By Patrick Gregory, a public history major at Shepherd University and student intern at the Byrd Center.
Since the end of WWII, members of the Senate and House of Representatives have often gone on trips abroad called congressional delegations, or CODELs. These delegations provide opportunities for members of Congress to gain firsthand knowledge of the nations that the United States has diplomatic relationships with, develop personal and professional relationships with foreign officials and dignitaries, and to negotiate important policy matters. Senator Byrd went on numerous CODELs across the world during his six decades in Congress, including two trips to the People’s Republic of China (PRC) following the opening of diplomatic relations in the 1970’s.
The overarching change to Chinese society since 1975, according to Senator Byrd, was the emergence of a more practical market-based approach to problem solving. Byrd mentions “the introduction of incentives into the economy – on a very limited basis…the interest in modern management techniques, and the granting of increased autonomy to the local and provincial levels and to various enterprises” as evidence of this change. The Senator also reported that “residents of the area were selling their produce and wares,” an example of the increased levels of autonomy to business he observed in Yunnan Province. When visiting a commune outside of Beijing, Senator Byrd was impressed to find the emphasis on increasing production was no longer about ideological rhetoric and instead practical incentives. He noted specifically an increased “willingness and desire to learn from the experience and knowledge of others” among the people.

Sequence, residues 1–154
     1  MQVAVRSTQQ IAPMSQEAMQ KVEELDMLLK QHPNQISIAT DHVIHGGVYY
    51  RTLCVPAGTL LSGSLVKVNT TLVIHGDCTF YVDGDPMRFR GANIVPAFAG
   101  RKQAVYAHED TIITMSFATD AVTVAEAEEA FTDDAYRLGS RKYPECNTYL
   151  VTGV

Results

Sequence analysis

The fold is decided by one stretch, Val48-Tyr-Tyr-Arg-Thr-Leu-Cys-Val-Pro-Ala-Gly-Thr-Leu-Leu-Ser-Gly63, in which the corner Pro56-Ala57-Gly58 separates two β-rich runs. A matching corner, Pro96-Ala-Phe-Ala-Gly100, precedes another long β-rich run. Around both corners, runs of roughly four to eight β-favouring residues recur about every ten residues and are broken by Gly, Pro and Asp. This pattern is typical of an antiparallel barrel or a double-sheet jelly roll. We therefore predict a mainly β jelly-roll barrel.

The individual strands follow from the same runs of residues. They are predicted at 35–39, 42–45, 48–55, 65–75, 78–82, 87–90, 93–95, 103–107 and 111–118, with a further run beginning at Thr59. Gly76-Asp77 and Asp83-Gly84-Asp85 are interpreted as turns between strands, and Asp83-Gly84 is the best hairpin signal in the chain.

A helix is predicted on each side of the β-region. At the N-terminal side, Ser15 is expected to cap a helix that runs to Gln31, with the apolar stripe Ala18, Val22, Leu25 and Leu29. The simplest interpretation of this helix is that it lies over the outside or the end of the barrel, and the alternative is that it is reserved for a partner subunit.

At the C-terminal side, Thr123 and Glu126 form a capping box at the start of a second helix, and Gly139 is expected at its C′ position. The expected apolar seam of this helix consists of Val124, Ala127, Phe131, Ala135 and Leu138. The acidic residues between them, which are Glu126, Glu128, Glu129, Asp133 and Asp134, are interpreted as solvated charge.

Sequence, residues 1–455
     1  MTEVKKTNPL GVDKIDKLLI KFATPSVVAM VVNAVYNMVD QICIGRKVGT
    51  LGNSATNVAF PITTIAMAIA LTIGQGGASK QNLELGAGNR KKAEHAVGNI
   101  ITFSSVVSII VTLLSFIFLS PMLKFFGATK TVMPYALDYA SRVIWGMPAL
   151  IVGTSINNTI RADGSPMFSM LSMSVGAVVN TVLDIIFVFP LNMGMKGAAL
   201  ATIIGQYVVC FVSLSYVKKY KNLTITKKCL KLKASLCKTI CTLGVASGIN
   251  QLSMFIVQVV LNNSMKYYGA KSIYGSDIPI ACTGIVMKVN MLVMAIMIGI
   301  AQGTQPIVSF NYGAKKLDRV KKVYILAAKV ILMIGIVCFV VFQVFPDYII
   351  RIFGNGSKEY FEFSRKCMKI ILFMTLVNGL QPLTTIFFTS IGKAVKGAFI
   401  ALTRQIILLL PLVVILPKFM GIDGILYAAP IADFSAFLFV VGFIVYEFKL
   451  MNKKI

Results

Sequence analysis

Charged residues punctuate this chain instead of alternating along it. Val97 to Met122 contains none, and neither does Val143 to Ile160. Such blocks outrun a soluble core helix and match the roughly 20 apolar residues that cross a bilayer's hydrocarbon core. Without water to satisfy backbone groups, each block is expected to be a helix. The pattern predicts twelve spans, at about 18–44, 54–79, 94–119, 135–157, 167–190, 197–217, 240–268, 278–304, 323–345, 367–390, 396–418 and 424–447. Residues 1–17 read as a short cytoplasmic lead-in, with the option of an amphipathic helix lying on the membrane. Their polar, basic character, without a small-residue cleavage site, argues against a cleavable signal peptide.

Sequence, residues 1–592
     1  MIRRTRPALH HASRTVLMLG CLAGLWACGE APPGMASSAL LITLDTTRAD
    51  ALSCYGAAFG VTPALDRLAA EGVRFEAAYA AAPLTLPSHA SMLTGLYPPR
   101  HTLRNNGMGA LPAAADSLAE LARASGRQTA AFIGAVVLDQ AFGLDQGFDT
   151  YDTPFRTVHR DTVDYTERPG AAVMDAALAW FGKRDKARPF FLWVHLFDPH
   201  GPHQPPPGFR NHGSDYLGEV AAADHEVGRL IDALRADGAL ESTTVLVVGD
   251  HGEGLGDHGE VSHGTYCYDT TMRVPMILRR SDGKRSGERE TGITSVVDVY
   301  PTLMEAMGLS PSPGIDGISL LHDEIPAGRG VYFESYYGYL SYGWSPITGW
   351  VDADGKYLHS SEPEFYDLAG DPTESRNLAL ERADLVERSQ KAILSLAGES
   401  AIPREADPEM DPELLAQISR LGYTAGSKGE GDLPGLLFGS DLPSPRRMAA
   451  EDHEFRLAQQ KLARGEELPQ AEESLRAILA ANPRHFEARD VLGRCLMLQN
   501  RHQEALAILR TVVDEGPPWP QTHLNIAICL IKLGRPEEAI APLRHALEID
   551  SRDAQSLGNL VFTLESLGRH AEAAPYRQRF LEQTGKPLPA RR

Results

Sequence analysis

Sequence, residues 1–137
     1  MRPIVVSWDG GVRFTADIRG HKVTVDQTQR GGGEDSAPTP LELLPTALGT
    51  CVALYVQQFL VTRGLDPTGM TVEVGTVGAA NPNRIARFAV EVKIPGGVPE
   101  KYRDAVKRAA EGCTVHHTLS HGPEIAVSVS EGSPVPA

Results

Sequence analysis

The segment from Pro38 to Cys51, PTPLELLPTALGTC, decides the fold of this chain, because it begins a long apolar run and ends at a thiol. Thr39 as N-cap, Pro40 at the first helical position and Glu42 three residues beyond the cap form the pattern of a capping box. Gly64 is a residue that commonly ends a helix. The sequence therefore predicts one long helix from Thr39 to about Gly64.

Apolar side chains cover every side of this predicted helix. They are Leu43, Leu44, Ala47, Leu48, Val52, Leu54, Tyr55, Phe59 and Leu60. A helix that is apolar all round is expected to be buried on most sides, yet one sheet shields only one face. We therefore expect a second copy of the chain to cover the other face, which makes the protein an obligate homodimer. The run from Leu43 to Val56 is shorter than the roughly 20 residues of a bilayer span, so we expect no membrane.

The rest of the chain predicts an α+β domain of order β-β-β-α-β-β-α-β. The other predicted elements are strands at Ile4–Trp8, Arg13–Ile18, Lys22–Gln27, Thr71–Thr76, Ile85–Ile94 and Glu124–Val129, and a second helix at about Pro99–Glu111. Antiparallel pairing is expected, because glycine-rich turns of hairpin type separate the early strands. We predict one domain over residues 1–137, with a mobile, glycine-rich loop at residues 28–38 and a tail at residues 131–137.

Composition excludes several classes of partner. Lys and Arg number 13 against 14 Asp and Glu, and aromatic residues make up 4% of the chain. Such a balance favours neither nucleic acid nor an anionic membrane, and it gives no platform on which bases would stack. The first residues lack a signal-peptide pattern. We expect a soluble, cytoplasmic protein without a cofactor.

Senator Byrd also met with Chinese leaders and discussed their worries about Ronald Reagan’s presidential campaign rhetoric, which concerned possible changes to U.S. policy towards China and Taiwan. Chinese leaders were anxious over the rhetoric and viewed Reagan’s statements as anti-Communist and anti-China. Senator Byrd used the CODEL as an avenue to reassure the Chinese that positive relations between the US and China were a desire in Congress and among the American people, despite the sentiments of the incoming president. In response, Premier Hua Guofeng stated that China did not view its relationship with the US to be a passing façade but a necessary goal for both countries’ long term interests. Hua Guofeng concluded his meeting with Senator Byrd by proclaiming that isolationism could no longer exist in a globalized world, but that Asia, the US, and Western Europe must come together to face the opposing forces they held in common. Byrd shared this sentiment and concluded his report by stating “It would be short-sighted and irresponsible – clearly contrary to U.S. interests – to attempt to turn back the clock in our relations with the PRC… to alter the relationship between the U.S. and China would undermine the remarkable progress we have made.”